Top 5 Players of the Weekend
5. Tyler Lutes
One thing this weekend reminded us about the Modern format is that old powerhouse decks never die. Once dominant, classic Jund has taken a back seat in the format, but Tyler Lutes showed it hasn’t gone away for good. Lutes, not only made the Top 8 as the No. 1 seed, but he started off 12-0, locking his spot in the elimination rounds before finishing the Swiss at 14-1. Lutes kept Junding in the quarterfinal, taking down Sam Schafer on Grixis Death’s Shadow before falling to Brandon Dollaway on Jeskai Control in the semis. Check out Lutes’ Jund decklist here.
4. Clay Spicklemire
The last time the SCG Tour® hit Louisville, Clay Spicklemire and his team of Chris Andersen and Spencer Garnier won the Team Open. This week, Spicklemire looked to make it two-for-two in the Derby City. The former Grand Prix champion played Four-Color Death’s Shadow in the Modern seat at the Team Open, but decided to go all five colors with the deck this weekend. Operating out of the Jund base colors, Spicklemire splashed blue for Stubborn Denial and white for Lingering Souls. The youngster cruised through the Swiss, but his run for a second Open trophy came to quick end in the quarterfinals, falling to Brandon Dollaway on Jeskai Control in two brief games. Check out Spicklemire’s Five-Color Death’s Shadow decklist here.
If Storm is playable in the format, you can bet Caleb Scherer is going to be playing it. Now that U/R Gifts Storm has come back to power, Scherer has been on the early adopters, endlessly tuning his list without a fetchland mana base. Scherer only took two losses in the Swiss, allowing him to intentionally draw with Tom Ross in Round 15 to secure his second Top 8 with the deck in three Modern Opens. Scherer’s run came to an end in the quarterfinals, dropping his match against Harlan Firer on Jeskai Control. Scherer’s build opts to go without Empty the Warrens in the main deck, along with many other specific choices, giving him the advantage in games where decklists are unknown. While Scherer doesn’t run Remand, he is looking forward to play Opt thanks to its printing in Ixalan. Check out Scherer’s U/R Gifts Storm decklist here.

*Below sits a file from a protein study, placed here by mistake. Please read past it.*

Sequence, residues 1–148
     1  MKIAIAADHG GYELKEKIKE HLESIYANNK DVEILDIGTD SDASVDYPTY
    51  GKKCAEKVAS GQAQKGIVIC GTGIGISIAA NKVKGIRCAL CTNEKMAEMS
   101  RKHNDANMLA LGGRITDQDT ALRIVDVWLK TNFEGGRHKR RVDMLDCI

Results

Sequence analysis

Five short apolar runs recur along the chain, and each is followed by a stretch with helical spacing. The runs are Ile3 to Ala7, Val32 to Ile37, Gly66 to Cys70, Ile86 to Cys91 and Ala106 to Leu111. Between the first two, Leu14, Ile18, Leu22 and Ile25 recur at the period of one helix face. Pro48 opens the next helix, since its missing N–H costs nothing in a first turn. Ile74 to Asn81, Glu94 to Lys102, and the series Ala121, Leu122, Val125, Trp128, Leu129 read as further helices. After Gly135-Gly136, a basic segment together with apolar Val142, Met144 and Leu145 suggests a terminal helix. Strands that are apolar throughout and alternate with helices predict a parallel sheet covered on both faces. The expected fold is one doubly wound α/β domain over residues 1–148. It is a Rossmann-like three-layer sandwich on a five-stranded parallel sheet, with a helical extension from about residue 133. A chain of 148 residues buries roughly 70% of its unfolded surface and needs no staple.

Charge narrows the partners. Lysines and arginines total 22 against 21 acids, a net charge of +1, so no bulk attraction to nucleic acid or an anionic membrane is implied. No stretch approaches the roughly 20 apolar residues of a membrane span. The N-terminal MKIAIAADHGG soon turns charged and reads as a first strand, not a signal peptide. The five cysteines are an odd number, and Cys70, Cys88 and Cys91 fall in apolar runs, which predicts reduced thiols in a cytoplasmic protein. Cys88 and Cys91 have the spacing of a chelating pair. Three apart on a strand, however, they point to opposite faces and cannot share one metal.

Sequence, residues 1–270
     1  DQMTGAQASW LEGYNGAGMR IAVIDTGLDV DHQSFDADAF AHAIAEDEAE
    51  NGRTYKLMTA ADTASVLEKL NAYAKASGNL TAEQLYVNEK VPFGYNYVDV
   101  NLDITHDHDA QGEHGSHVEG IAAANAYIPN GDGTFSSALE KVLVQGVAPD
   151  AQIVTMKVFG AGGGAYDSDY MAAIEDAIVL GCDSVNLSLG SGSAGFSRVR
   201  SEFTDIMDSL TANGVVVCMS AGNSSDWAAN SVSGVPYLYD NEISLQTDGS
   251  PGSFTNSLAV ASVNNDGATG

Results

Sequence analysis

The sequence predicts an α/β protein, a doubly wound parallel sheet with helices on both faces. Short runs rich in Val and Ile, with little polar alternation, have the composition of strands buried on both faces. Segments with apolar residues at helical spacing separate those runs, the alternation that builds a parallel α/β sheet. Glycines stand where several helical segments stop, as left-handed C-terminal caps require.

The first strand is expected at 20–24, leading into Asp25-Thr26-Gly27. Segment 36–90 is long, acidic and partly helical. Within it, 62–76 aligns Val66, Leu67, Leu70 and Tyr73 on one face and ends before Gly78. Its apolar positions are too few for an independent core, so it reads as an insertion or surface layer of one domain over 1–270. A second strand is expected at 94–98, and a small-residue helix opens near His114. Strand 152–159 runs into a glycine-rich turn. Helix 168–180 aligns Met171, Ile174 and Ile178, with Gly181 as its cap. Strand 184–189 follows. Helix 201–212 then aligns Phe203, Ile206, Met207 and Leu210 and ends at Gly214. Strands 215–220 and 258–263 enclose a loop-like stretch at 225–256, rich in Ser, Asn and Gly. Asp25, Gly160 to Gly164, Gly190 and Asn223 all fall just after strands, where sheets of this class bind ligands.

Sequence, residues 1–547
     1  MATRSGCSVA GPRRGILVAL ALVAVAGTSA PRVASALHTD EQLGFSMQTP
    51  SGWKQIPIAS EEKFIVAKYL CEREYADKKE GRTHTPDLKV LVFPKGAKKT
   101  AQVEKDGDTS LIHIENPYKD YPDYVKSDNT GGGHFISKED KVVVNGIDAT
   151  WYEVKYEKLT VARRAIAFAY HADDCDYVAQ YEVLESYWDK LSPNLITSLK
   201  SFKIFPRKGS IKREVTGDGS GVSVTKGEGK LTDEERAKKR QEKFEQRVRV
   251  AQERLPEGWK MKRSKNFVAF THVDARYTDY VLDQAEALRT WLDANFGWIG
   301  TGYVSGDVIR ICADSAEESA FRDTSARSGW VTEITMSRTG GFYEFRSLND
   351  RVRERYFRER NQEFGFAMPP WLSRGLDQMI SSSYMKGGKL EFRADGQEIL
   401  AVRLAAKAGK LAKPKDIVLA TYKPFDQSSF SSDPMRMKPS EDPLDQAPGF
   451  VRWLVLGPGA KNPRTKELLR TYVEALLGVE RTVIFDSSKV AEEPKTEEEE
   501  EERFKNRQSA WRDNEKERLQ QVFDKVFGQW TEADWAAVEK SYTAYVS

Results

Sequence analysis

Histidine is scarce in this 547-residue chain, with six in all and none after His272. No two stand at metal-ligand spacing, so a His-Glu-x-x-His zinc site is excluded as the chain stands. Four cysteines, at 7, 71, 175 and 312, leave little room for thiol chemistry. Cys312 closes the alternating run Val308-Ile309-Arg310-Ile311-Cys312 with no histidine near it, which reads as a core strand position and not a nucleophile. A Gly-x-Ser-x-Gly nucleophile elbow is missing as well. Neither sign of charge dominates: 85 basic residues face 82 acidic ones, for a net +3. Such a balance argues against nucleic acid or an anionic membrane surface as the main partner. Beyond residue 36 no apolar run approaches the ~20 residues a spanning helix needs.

2. Tom Ross
When it comes to Modern, Tom Ross plays whatever he feels like at the moment. For this weekend, the Boss went back to his pet deck, 8-Rack, harnessing the inspiration of Lex Luger and his signature finisher, the torture rack. Ross already had one Top-8 finish with the deck, but Ross updated his brew and had his sights set on a batter finish. The deck performed brilliantly for him on Day 1, going 8-1, allowing Ross to take a second loss on Sunday while still getting to breeze into the Top 8 as the No. 2 seed. Ironically, Ross wanted to lock up a high seed so that he could choose to draw first in his Top 8 matches. Ross took down Jared Hall on W/B Eldrazi Taxes in the quarterfinals before meeting back up with Harlan Firer in the semis. Ross beat Firer in the Swiss in a quick match, but the rematch went in the Jeskai Control player’s favor. While Ross came up short on his seventh Open title, he promised that the rack will be back. Check out Ross’ 8-Rack decklist here.
1. Harlan Firer
Harlan Firer has been playing Jeskai decks in Modern for months and influencing those around him to do the same. His friend, Jonathan Rosum, put up back-to-back Open Top 8s with the deck in Syracuse and Richmond, leaving Firer with the fire to outperform him for once. Firer was able to squeak into the Top 8 after a tough match in Round 15 against Scapeshift. Once in the Top 8, Firer didn’t lose a game until the finals. Firer 2-0’d Caleb Scherer on Storm and Tom Ross on 8-Rack before squaring off in a Jeskai mirror in the finals against Brandon Dollaway. While Firer lost the long game of draw-go in Game 1, he landed early copies of Geist of Saint Traft in the following two games to earn his second Open trophy. Check out Firer’s Jeskai Control decklist here.